Podcaster: Rob Webb

Title: Last Minute Astronomer January 2024

Organization: Physics teacher at Pequea Valley High School

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Don’t forget this podcast is found on my Podbean page, Stitcher, and iTunes.  There’s also a video version on my YouTube Channel and I can be found on Twitter and Instagram as @mrwebbpv. The Pequea Valley Planetarium and its events and updates are on Facebook, Twitter, and Instagram as @pvplanetarium.

Use a sky map from to help you out.


January of 2024  has some slight changes to Saturn and Jupiter in the sky, 4 visible naked-eye planets, and a couple of close encounters.

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January of 2024  has some slight changes to Saturn and Jupiter in the sky, 4 visible naked-eye planets, and a couple of close encounters.

            I’m Rob, your Last Minute Astronomer, bringing astronomy to normies and nerds, with little time to spare.  As usual, we’ll start by talking about where the naked eye planets are this month, move on to the lunar phases, and finish up with a calendar of events, so you can plan ahead better than me.

Naked-eye PLANETS


Saturn – Starts off January about 30˚ above the horizon in the SW, and sinks to about 15˚ by month’s end. Fairly dim, but still brighter than all the stars around it.

Jupiter – SUPER bright in the SSE, about halfway up the sky.  Just find the brightest point of light in that direction, and you’ve got it. 

Throughout the night

Saturn & Jupiter – With Saturn starting about 30˚ above the horizon in the SW and Jupiter in the SE, these two march westward through the night.  Saturn sets in the West around 9:30pm at the beginning of the month and 7:30 at the end.  Jupiter sets in the West around 2:30am at the beginning of the month, 12:30am at the end.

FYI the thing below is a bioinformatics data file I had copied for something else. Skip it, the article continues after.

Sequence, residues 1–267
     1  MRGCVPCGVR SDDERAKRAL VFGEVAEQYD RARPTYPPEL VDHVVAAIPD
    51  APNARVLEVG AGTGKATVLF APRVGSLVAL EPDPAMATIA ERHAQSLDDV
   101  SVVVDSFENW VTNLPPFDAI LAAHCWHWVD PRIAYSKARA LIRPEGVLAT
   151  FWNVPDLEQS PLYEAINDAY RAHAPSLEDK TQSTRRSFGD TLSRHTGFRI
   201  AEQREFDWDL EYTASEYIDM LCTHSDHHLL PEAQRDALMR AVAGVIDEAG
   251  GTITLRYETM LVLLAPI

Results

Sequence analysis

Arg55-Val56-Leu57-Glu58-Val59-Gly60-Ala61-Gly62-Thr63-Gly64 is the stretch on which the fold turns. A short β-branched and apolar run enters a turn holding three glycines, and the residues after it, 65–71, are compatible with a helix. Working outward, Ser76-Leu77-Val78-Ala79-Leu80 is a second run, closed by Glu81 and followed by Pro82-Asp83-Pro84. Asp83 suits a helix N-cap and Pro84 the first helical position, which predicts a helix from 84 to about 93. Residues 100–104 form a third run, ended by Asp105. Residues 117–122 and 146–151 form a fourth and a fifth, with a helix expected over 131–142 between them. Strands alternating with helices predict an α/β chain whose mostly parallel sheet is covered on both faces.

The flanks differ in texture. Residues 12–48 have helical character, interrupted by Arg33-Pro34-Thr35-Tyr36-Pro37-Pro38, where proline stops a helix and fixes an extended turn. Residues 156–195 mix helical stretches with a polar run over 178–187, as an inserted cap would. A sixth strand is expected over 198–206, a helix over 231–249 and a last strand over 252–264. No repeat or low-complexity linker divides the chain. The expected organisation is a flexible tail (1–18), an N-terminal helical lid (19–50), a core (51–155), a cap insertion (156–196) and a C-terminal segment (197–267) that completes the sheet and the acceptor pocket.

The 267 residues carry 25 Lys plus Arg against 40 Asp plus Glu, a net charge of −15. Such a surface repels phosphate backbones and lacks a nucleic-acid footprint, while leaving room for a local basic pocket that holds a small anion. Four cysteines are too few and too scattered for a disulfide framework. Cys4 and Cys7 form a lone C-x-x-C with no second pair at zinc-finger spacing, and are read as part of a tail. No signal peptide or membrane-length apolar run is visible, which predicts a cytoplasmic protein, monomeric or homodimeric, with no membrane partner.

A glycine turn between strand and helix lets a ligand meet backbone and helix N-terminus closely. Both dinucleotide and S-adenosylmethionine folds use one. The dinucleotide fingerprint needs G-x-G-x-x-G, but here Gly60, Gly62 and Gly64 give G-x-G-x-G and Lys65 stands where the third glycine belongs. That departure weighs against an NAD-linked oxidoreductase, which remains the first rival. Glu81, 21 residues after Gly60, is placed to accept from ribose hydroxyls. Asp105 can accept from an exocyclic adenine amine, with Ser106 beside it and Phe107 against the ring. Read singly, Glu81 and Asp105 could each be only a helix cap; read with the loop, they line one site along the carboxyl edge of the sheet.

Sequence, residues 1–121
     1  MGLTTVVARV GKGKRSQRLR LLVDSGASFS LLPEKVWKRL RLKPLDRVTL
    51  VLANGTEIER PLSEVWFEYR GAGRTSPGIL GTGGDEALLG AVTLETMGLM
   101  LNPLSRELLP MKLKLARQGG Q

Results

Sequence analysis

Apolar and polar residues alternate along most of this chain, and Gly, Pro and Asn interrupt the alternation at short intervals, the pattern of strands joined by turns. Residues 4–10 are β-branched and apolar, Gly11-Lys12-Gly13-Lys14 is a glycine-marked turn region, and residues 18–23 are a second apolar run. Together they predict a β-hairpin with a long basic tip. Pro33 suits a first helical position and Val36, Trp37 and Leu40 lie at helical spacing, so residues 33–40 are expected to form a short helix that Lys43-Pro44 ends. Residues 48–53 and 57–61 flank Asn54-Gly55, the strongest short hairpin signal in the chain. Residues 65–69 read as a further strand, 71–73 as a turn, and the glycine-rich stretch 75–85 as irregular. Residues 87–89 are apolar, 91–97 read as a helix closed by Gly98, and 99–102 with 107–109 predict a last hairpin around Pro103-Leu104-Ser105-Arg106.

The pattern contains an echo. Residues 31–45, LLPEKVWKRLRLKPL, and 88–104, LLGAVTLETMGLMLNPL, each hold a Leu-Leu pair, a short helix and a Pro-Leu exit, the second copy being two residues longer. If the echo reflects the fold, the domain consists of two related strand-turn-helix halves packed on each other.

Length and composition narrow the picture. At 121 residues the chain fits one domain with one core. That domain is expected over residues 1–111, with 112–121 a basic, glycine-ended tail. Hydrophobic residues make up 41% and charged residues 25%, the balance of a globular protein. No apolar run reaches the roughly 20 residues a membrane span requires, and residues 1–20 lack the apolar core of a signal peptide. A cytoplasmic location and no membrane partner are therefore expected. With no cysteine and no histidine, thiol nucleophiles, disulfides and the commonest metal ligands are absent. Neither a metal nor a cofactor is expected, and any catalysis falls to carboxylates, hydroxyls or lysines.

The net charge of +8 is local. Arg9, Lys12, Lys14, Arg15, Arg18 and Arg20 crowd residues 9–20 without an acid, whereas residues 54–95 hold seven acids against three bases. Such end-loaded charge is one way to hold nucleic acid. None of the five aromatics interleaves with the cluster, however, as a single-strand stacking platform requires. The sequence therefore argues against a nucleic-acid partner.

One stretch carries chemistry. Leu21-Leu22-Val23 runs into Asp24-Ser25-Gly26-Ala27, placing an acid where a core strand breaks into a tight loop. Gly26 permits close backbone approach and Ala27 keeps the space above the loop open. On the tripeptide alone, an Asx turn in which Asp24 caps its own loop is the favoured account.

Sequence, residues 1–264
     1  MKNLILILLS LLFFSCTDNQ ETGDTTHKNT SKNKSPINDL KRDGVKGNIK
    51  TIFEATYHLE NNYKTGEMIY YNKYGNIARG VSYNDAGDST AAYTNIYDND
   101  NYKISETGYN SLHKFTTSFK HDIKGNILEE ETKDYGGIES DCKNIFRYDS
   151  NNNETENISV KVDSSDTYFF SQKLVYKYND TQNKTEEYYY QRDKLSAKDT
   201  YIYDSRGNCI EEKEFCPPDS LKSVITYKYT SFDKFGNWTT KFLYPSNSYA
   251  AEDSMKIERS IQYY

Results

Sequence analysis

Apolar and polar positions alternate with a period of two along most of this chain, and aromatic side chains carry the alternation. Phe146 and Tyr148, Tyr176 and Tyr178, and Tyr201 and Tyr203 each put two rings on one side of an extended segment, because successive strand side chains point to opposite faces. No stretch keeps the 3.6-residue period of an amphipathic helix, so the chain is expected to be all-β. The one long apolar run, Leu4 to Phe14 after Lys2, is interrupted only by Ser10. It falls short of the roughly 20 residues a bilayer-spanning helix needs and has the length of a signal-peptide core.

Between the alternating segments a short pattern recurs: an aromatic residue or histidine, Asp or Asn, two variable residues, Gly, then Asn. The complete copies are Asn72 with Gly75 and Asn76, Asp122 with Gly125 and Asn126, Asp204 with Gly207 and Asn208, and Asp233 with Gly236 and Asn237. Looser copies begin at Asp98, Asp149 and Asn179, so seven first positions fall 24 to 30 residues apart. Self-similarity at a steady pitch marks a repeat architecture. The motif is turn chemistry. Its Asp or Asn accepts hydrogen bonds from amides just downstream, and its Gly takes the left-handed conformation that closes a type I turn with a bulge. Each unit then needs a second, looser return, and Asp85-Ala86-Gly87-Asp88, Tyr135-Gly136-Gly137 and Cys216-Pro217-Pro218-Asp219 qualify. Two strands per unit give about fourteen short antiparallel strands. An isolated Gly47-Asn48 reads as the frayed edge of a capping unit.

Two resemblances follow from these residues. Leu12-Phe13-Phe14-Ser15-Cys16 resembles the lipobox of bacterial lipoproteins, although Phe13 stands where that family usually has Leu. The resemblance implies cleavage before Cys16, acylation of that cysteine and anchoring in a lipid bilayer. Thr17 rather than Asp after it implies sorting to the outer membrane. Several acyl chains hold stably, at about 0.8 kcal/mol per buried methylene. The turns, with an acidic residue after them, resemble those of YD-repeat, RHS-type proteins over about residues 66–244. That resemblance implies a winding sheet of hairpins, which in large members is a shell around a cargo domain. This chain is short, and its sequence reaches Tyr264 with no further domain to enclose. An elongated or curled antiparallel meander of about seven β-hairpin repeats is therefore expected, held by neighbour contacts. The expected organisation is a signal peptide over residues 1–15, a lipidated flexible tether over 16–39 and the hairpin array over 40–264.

Venus – Venus again is on its slow, slinky, sinking way out.  Getting lower and lower every morning, as it orbits behind the Sun, with Earth trailing it.  Probably too low to see starting February, and not really visible in the evening until maybe July.  But this month, between 4:30am and 5:30am, Venus will be above the horizon, rising to about 20˚ above the horizon by sunrise, in the beginning of the month, 10˚ at the end.  Brilliant, brighter than everything around it.

Mercury – Barely visible the first 2 weeks of January.  Get out between 6am and 7:30am, and look SE.  Find super bright Venus, and then down and to the left, about halfway toward the horizon (15˚), is Mercury.  You’ll need a very clear and low horizon.


Last Quarter Moon – 3rd (Visible midnight into the morning)

Morning Crescents (look East in the AM)

New Moon – 11th (darkest skies)

Evening Crescents (look West after Sunset)

First Quarter Moon – 17th (Visible until midnight)

Evening Gibbous (Mostly lit, after Sunset)

Full Moon – 25th (Visible all night)

Waning Gibbous (Mostly lit, rises later at night)

7th – 9th – CLOSE ENCOUNTER – Moon, Venus, Mercury – The main catch here is a very thin crescent Moon and bright Venus, but Mercury is also around, but very low and hard to see.  Get out around 6am and find a very clear view of the SE.  If you can see below Venus, you’re probably good.  On the 7th, the Moon will be up and to the right of Venus about 16˚, with Mercury down and to the left of Venus about the same distance.  The next morning, the 8th, the Moon will have moved to be about 7˚ down and to the right of Venus.  Technically, you might be able to catch the Moon on the morning of the 9th, but it will be quite difficult without the clearest of horizons after 6:30am.  The Moon, Mercury, and Venus will make a beautiful triangle.

13th – 14th – CLOSE ENCOUNTER – Moon, Saturn – Get out after sunset, look SW, and the Moon will be about 8˚ below Saturn.  Then on the 14th, the Moon will be roughly on the opposite side of Saturn.

18th – CLOSE ENCOUNTER – Moon, Jupiter – The Moon is only about 3˚ above bright Jupiter

And that’s the sky for _______ of ____.  If you find this advance notice of the night sky helpful, please support this work by finding Last Minute Astronomer on Patreon, and don’t forget to follow Last Minute Astronomer on Facebook and Instagram.  Till next month, I’m the Last Minute Astronomer wishing you fruitful plans and clear skies. Music was produced by Deep Sky Dude and used with permission.

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